Cardiosurgery: Atrial septal defect (ASD) after myocardial infarction (heart attack) — Reconstruction and coronary artery bypass surgery. Treatment
Atrial septal defect (ASD) is one of the most common congenital heart diseases. It accounts for about 12 to 14% of all congenital heart defects. ASD is developed in utero under the influence of genetic, infectious, toxic, radiological and endocrine factors. In many cases, a small septal defect is asymptomatic or has a nonspecific blurred clinical picture in the childhood, but in adulthood, ASD can be manifested by heart and lung failure, arrhythmia, or vertigo.
Atrial Septal Defect Treatment Options
Usually, ASD does not lead to acute life-threatening conditions, so the need for urgent surgery is extremely rare. Upon compensated defect, when the symptoms of circulatory failure are mild, the patient is prescribed a conservative treatment, which, though does not eliminate the cause of the disease, but helps normalize the heart and blood vessel operation.
The only option to fully restore the normal structure of the heart is a surgical treatment, which has a few options. Any technique involves the use of general anesthesia.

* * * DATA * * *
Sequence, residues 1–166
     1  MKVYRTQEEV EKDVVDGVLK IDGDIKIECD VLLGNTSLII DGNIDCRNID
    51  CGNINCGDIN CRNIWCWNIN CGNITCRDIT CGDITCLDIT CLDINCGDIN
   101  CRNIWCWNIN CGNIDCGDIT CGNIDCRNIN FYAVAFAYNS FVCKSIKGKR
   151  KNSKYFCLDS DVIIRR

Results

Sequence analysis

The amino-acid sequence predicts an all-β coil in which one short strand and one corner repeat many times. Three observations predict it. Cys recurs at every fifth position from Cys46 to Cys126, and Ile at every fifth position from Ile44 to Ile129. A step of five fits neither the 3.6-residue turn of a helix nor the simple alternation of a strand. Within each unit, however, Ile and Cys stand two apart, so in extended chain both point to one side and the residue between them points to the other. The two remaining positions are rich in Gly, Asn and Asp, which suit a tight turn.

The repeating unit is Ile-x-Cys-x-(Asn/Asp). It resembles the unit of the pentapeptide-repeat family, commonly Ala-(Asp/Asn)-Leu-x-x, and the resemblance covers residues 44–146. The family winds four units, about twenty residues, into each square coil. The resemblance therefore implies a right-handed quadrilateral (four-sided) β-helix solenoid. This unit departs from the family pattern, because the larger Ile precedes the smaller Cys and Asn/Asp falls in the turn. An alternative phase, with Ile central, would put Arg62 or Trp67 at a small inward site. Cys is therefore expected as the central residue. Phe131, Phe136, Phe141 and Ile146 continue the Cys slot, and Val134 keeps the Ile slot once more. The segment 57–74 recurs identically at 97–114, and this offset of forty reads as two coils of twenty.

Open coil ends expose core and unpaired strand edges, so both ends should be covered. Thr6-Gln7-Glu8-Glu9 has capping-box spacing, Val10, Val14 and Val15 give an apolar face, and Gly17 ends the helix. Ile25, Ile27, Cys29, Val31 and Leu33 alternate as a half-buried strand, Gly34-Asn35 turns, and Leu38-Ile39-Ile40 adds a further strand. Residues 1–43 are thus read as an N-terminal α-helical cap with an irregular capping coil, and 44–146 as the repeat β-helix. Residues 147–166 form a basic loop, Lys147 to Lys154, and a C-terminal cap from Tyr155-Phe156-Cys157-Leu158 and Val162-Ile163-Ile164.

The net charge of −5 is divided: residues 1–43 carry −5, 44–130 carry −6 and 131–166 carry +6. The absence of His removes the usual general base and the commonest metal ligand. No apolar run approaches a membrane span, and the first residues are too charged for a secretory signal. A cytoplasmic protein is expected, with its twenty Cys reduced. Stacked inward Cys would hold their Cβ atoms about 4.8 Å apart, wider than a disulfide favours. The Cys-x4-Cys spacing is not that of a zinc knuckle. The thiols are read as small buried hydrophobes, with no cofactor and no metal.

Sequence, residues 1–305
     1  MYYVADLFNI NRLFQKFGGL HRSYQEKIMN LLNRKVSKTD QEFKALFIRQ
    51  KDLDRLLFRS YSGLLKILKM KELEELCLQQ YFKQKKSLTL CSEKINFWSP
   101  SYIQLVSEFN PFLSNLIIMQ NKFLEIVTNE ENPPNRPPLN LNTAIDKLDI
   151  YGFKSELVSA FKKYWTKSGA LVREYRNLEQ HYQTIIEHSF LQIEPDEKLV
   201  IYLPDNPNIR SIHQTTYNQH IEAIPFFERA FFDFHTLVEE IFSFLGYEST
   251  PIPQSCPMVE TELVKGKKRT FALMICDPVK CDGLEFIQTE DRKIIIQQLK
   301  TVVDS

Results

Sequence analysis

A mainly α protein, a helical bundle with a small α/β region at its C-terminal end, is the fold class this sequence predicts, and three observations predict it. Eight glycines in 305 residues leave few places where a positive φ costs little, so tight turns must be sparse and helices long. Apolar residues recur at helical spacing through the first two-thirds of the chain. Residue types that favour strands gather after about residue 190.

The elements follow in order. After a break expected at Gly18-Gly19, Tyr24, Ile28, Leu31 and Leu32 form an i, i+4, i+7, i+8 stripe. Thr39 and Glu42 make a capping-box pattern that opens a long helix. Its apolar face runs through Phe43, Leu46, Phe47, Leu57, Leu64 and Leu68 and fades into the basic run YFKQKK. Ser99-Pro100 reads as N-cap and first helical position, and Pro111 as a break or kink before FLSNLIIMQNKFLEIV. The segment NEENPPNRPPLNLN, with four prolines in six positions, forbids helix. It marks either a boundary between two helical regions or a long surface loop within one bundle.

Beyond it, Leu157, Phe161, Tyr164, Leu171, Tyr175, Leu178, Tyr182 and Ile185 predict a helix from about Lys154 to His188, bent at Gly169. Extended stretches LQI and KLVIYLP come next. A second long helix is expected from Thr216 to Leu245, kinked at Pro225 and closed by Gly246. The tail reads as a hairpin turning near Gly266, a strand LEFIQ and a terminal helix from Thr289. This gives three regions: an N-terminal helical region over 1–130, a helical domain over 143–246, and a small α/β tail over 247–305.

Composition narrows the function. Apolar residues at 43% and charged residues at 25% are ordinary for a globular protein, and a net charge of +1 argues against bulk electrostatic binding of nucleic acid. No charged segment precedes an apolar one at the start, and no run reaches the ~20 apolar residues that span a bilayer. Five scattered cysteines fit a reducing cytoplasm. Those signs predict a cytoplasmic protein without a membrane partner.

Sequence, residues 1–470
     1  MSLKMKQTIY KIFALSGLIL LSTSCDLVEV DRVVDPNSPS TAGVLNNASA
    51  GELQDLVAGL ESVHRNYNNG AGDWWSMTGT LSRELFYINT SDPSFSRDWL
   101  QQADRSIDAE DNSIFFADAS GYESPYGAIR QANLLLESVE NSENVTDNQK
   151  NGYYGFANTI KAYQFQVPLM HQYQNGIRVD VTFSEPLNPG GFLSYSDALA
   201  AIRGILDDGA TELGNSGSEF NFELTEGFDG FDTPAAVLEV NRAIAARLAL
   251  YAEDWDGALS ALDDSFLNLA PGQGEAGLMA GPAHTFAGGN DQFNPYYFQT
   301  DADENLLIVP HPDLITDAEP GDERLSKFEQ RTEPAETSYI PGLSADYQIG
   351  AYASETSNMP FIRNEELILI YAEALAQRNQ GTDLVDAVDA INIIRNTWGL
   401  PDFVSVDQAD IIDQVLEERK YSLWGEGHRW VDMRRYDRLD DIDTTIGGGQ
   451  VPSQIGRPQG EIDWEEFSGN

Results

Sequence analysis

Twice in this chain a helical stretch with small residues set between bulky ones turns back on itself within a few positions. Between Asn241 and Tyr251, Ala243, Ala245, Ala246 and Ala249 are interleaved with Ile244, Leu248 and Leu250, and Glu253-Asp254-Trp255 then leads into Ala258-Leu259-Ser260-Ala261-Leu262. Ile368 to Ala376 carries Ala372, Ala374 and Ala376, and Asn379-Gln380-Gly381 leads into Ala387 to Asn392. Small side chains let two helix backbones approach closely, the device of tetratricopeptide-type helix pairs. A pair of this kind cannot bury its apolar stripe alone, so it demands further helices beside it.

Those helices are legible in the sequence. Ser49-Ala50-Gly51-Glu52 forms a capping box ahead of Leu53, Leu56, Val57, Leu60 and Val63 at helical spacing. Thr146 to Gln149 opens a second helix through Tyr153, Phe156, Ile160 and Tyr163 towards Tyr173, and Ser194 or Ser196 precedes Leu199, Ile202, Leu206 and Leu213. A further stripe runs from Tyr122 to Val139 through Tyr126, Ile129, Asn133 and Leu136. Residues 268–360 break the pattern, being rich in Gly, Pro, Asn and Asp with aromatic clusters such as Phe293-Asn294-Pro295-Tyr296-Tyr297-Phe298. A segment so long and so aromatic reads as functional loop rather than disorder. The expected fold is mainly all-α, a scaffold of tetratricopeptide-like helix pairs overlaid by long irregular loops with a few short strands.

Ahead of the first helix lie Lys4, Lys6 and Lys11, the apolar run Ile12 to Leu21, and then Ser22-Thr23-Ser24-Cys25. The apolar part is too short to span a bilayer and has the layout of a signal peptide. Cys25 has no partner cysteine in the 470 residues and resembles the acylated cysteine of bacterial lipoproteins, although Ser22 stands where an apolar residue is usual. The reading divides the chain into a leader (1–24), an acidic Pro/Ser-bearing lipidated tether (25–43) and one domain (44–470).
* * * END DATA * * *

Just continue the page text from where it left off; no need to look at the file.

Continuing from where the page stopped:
- Open surgery with defect suturing is performed upon small diameter of a hole. Access to the heart is ensured through sternotomy, followed by incision of the right ventricle. During surgery, the patient’s heart is switched off, and its function is taken over by the cardiopulmonary bypass.
- Open surgery with defect plastics is indicated for a hole of a considerable diameter. Access to the partition is similar to the previous option, but the hole is sutured and closed with a patch made of synthetic or biological material.
- Endovascular occlusion is a minimally invasive option of defect plastic surgery. The access is ensured via a peripheral vein, into which the special probe with occlude is inserted. The manipulation is monitored by X-ray imaging techniques. The occluder consisting of two plates is installed on the partition in the defect area, and then the system is inflated and fixed firmly. Subsequently, the occluder material is covered by the growing tissues and allows for normal blood flow in the heart cavities.
The surgery carried out by a highly skilled heart surgeon in a modern equipped clinic allows hoping for a positive long-term outcome in 94% cases.Hide
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